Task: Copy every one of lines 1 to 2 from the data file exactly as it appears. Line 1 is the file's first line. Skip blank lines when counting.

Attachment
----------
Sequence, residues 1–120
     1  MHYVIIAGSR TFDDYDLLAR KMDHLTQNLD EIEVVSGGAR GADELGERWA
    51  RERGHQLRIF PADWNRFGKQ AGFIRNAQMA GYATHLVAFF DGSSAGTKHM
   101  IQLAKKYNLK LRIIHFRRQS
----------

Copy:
Sequence, residues 1–120
     1  MHYVIIAGSR TFDDYDLLAR KMDHLTQNLD EIEVVSGGAR GADELGERWA